Once he hit ten years in the office, Henson said he felt like he had done what he wanted, it was time to hand it over to someone else for their impressions and interpretations. Though retiring from his career, he didn’t fade into obscurity. With Stan Helton asking him to sit on the Board of Tax Assessors and others still seeking advice and counsel, he simply transitioned once more.

Author

Lumpkin County Sheriff Office investigating alleged high school threat

Community, News

LUMPKIN CO., GA

Lumpkin County Sheriff, Stacy Jarrard, confirms that LCSO has opened an extensive investigation into the alleged threats by a Lumpkin County High School student on Thursday, September 20. The threats involved the student threatening a possible school shooting.

According to Lumpkin County Schools, once the they learned of the alleged threat, they conducted an investigation into the situation. They posted on the LCSS Facebook page Thursday evening that they did not find any evidence of a threat. “Today a Lumpkin County High School student alleged that another LCHS student made a threat to harm the school. Law enforcement and school administrators took swift action to isolate the student in question and to conduct a thorough investigation. Conclusion: There is no evidence that a threat was ever made. Rumors perpetuated on social media have caused concern in our community, so we wanted to share the facts. Student safety is and will continue to be our first priority!”

Jarrard explained that once the LCSO received information regarding the alleged incident, after receiving numerous phone calls from concerned parents and Lumpkin County residents, they reached out to the school system Thursday evening and began their own investigation into the matter on Friday, September 21, to further ensure the safety of LCHS students. Jarrard also explained that they have confiscated all electronic devices from the student in question, and the investigation is being thoroughly examined.  

Fetch Your News also reached out to LCSS staff for  information, but they declined to comment at this time.

This investigation is currently ongoing; please check back for updates.

 

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Lumpkin County BOE highlights student success plan and faculty of the month at Monday’s meeting

Community, Education

Dahlonega, GA

Lumpkin County teachers and employees of the month for September 2018 were recognized during the Board of Education meeting that was held on Monday, September 10.

September 2018 Teachers of the Month from left to right: Erin Endicott, Beth Holland, Nichole Stancil, Shalece Mull, and Susan Corvacchioli.

The teachers of the month include: Susan Corvacchioli (BES), Nichole Stancil (LCES), Shalece Mull (LBES), Beth Holland (LCMS), and Erin Endicott (LCHS). They were presented with a wooden plaque, made by Lumpkin County High School students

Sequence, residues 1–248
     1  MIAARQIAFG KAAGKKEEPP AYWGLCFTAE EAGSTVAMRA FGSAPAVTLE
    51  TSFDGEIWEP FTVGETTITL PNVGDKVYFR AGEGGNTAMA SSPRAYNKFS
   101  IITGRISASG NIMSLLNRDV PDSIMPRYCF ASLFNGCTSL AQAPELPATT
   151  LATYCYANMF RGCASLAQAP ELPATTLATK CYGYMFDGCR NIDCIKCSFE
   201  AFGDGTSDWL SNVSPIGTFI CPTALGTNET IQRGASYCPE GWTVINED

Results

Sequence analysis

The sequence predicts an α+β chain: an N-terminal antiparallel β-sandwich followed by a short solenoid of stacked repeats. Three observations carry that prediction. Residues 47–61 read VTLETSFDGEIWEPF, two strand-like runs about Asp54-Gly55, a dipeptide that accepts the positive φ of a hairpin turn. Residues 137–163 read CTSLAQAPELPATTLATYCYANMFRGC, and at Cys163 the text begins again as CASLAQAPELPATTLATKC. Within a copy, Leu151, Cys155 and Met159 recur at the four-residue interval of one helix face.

Employees of the month include: Freddy Lingerfelt (LCES), Bea Flatt (LBES), Delton Davis (BES), Tammy Martin (LCES), Brenda Orkins (BES), Sherry Scott (LBES), La

September 2018 Employees of the Month

rissa Birk (LCES), Michelle Scott (LMCS), and Kim Gooch (LCHS).

Long Branch and Lumpkin County Elementary Schools were also highlighted during Monday’s meeting, for student success. LCES Principle, Stacie Gerrells, presented new activities and incentives target towards student success, specifically in reading, that are new to Lumpkin Elementary this year. Some of the programs mentioned is Caring Paws, where select students are allowed to read with a therapy dog from Trained Paws Therapy Dogs, and also “Starbooks”, which is a spinoff from Starbucks. Starbooks is a reading incentive where students can earn ‘Starbooks Cash’ that can be spent on hot cocoa and other rewards.

Long Branch Elementary School Principles, Jan Mullinax and Nathan Gerrells, explained they also offer a reading-with-the-dogs program, but their students are most excited over their newest positive-behavior inspiration, a “House Point System.” This gives students an opportunity to earn house points for good behavior. The ‘House’ with the most points at the end of the month will celebrate with a small party, and the house with he most points at the end of the year will be rewarded with a larger celebration. There are four houses that represent different character traits and they are identified by a color and animal that is specific to that trait.

The houses are: Animo, House of Courage, (green), Reverenta, House of Respect, (red), Concordia, House of Harmony (blue), and Unum, House of Unity (yellow). You can learn more about the House System here.

LBES Assistant Principle, Nathan Gerrells, and teacher, Angela Denny, represent the Animo House

 

 

 

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Lumpkin County BOE approves application for new JROTC/Science facility funds

Community, Education

LUMPKIN, GA

The Lumpkin County Board of Education approved the Capital Outlay Project Application submitted to the board during the Regular Session on Monday, September 10.